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In the last months some people close to me have heard me praising the democratization of academic research. This is not what generally appears to be the case, however, and in truth, I have to admit that this process is not a general trend but a side product of the proliferation of internet resources, often provided by academic institutions or voluntary organizations. One of these is Archive.org, a site that collects copyright free digital versions of almost everything.

How can this have any democratizing effect on anything whatsoever? In most fields of research, probably it does not. The research that ends up being there is already old, from the beginning of the century, and there are very few fields where that kind of research has any relevance today. I’m happily working in a area of academic research, history, where things do not get old that fast, and even in a sub-field of history called Ancient History, more specifically Classical History, where most of the most important reference collections were begun in the 19th century. Now, not all of these appear on archive.org (Sorry, no CIL there yet! But the Oxyrhyncus papyri are there.), but there is a lot of interesting stuff around there. The democratizing process comes from the fact that most of this stuff is very hard-to-get on print these days. The books were sold out long ago, and before the last ten years or so, the only way to consult them was to make a trip to a library that had already acquired them, hundred years ago or so. This mean, that to even see the important classic studies that even today form a background of the research, or to use some of the still valid manuals and reference collections, you either had to work in a university with such resources or then it was some other subject to study for you.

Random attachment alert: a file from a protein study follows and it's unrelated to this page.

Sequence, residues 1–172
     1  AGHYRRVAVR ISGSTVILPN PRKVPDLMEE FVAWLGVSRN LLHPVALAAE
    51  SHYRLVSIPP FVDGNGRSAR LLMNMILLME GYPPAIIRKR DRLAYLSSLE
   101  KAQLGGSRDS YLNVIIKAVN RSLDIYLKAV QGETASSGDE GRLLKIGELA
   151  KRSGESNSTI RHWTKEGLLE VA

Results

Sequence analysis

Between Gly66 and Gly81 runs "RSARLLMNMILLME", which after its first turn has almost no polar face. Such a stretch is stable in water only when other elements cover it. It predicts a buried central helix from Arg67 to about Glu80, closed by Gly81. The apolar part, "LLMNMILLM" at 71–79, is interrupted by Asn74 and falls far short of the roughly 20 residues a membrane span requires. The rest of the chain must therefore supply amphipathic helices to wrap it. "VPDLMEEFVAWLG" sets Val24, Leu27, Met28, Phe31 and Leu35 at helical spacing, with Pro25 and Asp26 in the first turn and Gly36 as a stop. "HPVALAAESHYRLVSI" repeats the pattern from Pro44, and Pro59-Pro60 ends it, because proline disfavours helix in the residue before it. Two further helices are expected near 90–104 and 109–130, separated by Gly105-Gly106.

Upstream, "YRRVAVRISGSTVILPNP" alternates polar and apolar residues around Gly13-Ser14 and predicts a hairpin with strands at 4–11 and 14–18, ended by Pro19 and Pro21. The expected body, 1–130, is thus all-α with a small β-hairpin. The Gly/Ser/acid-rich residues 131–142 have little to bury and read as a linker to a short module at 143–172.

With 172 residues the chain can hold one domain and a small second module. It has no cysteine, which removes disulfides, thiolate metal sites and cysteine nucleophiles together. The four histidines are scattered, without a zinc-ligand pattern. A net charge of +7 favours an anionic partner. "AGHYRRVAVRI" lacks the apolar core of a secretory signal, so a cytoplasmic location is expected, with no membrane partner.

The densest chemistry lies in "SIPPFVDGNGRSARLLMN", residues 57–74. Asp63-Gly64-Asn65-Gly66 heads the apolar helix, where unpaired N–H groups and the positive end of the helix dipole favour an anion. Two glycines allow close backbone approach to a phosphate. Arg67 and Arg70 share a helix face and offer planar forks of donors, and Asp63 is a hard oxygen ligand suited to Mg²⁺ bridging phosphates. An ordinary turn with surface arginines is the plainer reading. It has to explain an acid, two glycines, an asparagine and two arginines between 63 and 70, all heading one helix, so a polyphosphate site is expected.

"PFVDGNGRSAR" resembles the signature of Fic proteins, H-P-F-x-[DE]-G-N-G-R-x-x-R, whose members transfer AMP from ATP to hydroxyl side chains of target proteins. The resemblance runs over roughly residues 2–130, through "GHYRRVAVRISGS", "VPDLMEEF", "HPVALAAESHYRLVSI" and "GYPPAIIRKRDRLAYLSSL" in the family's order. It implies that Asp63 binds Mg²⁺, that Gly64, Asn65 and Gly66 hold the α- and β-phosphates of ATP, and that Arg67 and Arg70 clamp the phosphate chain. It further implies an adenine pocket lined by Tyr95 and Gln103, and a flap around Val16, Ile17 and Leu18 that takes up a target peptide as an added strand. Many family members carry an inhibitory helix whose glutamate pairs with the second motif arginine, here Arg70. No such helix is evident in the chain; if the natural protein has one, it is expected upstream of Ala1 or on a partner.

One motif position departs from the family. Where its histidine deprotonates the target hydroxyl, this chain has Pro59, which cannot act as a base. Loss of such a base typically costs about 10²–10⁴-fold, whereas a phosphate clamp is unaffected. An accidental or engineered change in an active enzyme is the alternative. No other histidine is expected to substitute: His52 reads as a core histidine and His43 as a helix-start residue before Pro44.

How does this relate to djvu files, you may be asking? Well, the digitized, old books are offered in many different formats, of which the modern e-book formats are usually useless. PDF is somewhat better, but PDF just isn’t made for this, nor are the readers. Technically, the best format is DJVU, with different raster layers, hidden text for OCR and everything. The files are smaller (as if that did matter these days), and the readers much faster.

The selection of readers is small, though. DjView4 seems most common, and it performs very well in that function, but it has the problem that you cannot add annotation nor bookmarks, which is a nuisance, since the digitized books are often hundreds of pages long, and the versions offered by archive.org do have no such metadata associated with them. A good solution is the program djvusmooth, which can create bookmarks and some other types of metadata, too, and also save these changes to the files. And then you can make your contents and bookmarks for Djview4.

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